EU and Japan to protect world order through free trade
By Eric Maurice
EU and Japanese leaders committed on Tuesday (21 March) to conclude a trade deal "as soon as possible" in an effort to defend a world order disrupted by the new US administration.
"We remain united by our common values of liberal democracy and the rule of law as the core principles of the rules-based international order," European Council president Donald Tusk said before meeting Japanese prime minister Shinzo Abe in Brussels.
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He noted that Japan and the EU "are tied deeply together by [a] mutual commitment to maintain an open, free and fair global trading system".
Abe visited Brussels as part of a tour to meet European members of the G7, ahead of a planned summit of the rich nations' club at the end of May in Sicily. This will be the first of such summits to be attended by US president Donald Trump.
In response to Trump's support for Brexit and his questioning of Nato, the Japanese leader expressed his support for a "strong Europe" and for the EU's "cohesion of Europe as a whole, including on the security front".
He added that Japan, the EU, and the US should "work hand-in-hand to maintain and reinforce" the international order and "cooperate to show to the world the flag of free trade as a model".
The message comes three days after the G20, a broader forum of wealthy countries, at a finance ministers' meeting in Germany, dropped its pledge to fight protectionism under US pressure.
'Best of both worlds'
European Commission president Jean-Claude Juncker said before the Abe meeting that negotiations were now in a "decisive and hopefully final stage".
He said that he expected a "comprehensive, ambitious and balanced deal" but noted that "there are few remaining issues but [that] they are the most difficult to solve."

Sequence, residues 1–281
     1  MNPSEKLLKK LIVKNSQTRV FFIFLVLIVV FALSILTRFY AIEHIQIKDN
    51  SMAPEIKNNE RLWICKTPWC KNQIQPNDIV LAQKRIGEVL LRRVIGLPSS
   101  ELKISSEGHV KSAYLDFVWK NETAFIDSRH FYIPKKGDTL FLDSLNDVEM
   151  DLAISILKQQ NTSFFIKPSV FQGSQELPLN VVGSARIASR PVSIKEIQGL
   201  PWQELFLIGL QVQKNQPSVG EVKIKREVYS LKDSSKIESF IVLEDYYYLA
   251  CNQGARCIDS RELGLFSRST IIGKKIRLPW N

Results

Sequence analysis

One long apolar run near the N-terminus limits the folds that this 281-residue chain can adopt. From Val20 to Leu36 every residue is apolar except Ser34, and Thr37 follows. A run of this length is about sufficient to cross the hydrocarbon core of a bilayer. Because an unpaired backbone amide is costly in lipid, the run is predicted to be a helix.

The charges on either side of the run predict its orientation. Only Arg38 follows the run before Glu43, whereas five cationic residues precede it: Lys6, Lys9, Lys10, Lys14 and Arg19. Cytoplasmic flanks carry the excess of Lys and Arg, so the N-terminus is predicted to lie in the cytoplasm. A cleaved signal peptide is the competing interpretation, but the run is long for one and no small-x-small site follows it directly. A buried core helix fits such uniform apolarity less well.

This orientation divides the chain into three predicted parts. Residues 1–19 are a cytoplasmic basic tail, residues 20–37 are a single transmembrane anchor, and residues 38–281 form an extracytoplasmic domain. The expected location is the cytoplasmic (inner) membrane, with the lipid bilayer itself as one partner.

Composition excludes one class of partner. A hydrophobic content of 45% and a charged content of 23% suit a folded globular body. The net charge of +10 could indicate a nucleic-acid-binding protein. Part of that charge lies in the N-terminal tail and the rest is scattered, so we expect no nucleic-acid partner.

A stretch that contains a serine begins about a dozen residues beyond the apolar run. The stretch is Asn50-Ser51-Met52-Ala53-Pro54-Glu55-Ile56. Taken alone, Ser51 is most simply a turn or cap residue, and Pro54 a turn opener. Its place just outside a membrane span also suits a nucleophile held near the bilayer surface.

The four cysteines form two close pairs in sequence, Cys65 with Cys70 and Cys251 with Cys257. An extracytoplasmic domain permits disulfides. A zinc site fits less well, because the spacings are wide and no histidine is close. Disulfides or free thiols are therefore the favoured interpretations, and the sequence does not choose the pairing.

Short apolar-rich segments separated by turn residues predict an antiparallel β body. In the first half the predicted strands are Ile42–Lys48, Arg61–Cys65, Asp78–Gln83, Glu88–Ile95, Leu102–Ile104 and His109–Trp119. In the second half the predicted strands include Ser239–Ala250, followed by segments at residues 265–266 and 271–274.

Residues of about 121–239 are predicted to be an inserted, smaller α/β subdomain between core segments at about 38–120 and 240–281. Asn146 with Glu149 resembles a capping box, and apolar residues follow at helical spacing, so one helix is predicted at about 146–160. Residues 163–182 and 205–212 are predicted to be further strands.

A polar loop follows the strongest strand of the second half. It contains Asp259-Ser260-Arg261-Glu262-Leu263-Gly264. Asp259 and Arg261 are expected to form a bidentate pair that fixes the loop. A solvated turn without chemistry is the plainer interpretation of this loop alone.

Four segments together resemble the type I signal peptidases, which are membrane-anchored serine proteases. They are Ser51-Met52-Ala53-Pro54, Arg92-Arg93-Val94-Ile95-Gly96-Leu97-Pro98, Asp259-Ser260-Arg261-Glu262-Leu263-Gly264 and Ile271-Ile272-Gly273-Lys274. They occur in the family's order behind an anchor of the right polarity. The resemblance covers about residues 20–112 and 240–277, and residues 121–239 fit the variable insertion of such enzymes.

Talks on the trade deal started in March 2013, but 17 rounds of negotiations have not yet led to a final agreement.
For the EU, a deal with Japan, the third largest world economy, is a priority to allay criticism of its trade policies and to compensate for the failure of talks for an agreement with the US.
"The agreement will give Japan and the European Union the best of both worlds," Juncker said.
"It opens up a major new market to each other by creating a level playing field and protecting our industries and work forces from unfair trading practices," he said, five months after a similar deal with Canada was criticised for threatening EU standards and workers' rights.
New talks in April
While EU officials hope to conclude the deal this year, the Japanese side prefers not to give deadlines.
"Shinzo Abe would like to achieve an agreement in principle at the earliest time as possible," a Japanese spokeswoman told a group of journalists after the meeting.
She said that during their 50-minute talks, the three leaders expressed their commitment to conclude a deal but did not delve into the blocking points.
According to EU sources, progress was made "across the board" in previous rounds of talks, but negotiations remain difficult in sectors such as market access for food and cars, services, public procurement, and intellectual property.
A new round of talks is planned for April in Tokyo to take stock of the negotiation with the aim of intensifying the process afterwards, according to an EU official.